These forecasts point out the challenge confronting executives in the petroleum industry. Will the economic recovery that may or may not be underway but will be at some point in the near-future, be strong or weak? Possibly the recovery will be somewhere in between. In another article in this Musings we touch on the issue of the state of Americans' love affair with the automobile. Will we continue to build and buy new cars at the historic rates of the past, or will we need to settle for a significantly lower target? What types of new housing will


Americans buy -- slightly down-sized McMansions or the modest homes of the 1950s and 1960s? The answers to these questions will determine how America's energy demand will grow, and what fuels will be favored.

The questions posed above are important and relate primarily to the United States, but they also impact the economic future of the rest of the world's developed economies, especially those countries of Europe and Japan with aging populations. Demographics are the engine of economic and energy demand that are often overlooked by forecasters. Just how will China's economy evolve as it confronts a rapidly aging population with few younger workers to support them due to the decades-long government policy mandating one-child families?

A bigger question is how will American consumers evolve as the credit crisis and economic recession end? We can envision a future American economy that more resembles the 1950s than the 1960s or 1990s. It is possibly that just as the 1950s set the stage for a robust 1960s, which produced the longest post-war economic expansion until the 1990s, a decade-long consumer retrenchment could set the stage for a robust economic era beginning in 2020. On what basis might we assume this scenario?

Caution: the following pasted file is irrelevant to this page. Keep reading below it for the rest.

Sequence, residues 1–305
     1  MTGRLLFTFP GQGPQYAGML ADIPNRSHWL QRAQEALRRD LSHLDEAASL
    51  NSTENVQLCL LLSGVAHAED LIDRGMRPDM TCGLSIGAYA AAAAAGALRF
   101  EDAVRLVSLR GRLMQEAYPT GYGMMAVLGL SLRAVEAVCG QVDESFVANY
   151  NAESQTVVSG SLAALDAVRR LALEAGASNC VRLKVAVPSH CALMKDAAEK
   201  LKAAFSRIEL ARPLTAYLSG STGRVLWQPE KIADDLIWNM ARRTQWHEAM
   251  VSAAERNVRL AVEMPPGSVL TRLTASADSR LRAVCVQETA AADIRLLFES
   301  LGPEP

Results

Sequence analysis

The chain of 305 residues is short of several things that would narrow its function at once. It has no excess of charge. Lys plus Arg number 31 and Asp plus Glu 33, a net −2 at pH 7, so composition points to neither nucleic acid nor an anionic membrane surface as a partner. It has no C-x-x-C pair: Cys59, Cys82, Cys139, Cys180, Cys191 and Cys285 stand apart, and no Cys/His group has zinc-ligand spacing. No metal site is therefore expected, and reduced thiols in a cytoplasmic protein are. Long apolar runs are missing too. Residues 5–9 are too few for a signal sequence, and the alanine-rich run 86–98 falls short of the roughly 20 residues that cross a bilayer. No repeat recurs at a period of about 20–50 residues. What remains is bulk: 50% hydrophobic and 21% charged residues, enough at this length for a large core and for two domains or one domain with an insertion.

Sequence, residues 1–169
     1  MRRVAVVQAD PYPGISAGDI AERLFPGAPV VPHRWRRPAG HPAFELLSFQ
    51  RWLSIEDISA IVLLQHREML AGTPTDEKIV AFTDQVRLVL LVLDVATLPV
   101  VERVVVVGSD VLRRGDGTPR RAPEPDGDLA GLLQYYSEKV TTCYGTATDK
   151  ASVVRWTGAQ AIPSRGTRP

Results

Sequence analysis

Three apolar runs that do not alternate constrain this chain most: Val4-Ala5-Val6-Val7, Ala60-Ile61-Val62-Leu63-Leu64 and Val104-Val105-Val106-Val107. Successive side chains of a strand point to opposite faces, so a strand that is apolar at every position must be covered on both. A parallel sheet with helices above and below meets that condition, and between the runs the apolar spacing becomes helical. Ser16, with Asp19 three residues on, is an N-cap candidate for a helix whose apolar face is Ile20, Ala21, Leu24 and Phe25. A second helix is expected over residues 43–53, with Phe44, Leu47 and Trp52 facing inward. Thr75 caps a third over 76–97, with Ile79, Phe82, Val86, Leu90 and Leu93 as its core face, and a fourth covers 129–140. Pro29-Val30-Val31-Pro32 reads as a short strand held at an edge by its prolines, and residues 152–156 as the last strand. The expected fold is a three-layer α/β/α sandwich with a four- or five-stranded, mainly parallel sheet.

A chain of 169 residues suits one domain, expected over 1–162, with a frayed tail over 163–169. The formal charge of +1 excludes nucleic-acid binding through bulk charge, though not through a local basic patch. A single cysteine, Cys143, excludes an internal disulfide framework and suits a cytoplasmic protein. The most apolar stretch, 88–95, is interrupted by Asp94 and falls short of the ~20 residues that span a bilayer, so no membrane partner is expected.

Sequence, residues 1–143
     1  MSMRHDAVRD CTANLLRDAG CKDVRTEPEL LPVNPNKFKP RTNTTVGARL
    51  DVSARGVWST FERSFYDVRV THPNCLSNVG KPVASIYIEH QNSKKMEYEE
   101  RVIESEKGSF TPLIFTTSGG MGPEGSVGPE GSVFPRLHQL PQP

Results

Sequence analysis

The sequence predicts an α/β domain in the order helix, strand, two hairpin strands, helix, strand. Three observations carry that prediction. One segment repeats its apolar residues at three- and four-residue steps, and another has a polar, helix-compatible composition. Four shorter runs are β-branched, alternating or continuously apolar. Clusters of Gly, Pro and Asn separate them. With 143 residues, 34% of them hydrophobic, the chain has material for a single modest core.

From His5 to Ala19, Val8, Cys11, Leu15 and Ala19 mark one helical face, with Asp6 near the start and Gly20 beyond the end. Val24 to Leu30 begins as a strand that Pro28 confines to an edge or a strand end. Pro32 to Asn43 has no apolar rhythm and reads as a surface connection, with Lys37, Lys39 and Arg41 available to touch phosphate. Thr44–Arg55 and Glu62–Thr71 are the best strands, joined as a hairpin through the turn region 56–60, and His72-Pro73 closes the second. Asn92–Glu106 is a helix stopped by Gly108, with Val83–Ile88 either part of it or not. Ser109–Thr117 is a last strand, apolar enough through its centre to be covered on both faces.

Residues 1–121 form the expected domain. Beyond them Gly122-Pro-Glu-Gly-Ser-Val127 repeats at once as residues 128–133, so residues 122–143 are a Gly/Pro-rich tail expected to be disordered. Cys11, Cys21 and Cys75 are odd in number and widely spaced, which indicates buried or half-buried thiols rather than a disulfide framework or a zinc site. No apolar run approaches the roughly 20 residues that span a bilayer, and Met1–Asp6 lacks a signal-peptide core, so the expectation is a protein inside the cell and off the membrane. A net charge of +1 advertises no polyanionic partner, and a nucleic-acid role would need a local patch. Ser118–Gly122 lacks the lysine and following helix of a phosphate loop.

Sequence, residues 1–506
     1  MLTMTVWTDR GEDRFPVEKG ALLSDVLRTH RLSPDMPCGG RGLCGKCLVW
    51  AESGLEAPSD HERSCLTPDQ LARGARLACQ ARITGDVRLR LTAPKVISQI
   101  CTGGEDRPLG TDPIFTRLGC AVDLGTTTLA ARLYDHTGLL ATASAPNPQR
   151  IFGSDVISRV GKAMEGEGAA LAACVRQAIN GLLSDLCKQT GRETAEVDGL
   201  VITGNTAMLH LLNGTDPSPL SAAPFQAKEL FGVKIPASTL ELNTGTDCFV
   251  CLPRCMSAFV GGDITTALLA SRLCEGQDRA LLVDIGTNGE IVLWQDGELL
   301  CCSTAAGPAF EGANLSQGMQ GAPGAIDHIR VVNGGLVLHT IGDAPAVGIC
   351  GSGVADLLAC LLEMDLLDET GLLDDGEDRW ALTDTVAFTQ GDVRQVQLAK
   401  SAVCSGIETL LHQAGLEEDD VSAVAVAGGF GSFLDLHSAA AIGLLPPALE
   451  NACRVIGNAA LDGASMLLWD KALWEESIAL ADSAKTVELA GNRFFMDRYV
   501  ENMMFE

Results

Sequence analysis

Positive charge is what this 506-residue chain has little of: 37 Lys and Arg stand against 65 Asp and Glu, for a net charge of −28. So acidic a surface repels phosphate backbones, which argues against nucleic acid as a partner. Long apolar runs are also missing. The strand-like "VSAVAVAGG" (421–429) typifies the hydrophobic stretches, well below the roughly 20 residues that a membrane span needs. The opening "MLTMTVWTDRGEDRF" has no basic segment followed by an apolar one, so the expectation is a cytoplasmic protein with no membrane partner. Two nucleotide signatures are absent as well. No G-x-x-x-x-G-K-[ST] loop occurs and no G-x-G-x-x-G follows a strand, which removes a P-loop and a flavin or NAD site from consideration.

If we consider the historical pattern of U.S. Government debt as a percentage of gross domestic product (GDP) since 1929 to 2010, the post-World War II period provides an interesting template for the future. During that period the older population felt lucky to be alive, having survived the 1930s and 1940s, and settled in to a time of saving, preservation of capital and lowered expectations as consumers. During the Eisenhower years, real progress was made


in reducing the high relative public debt levels of the war years and in planting the seeds for a new kind of consumption-based economy. Transistor radios, black-and-white and color televisions, new cars and new homes were all part of this new consumption economy. But as the shift in the composition of spending was underway, the Kennedy administration relaxed tax codes to stimulate the economy's growth, which set off a 106-month trough to peak expansion lasting from February 1961 to December 1969. As the economy expanded the composition of private/public sector debt was rebalanced and the weighting of GDP was altered with consumers ultimately accounting for 70% of domestic growth and 20% of international growth.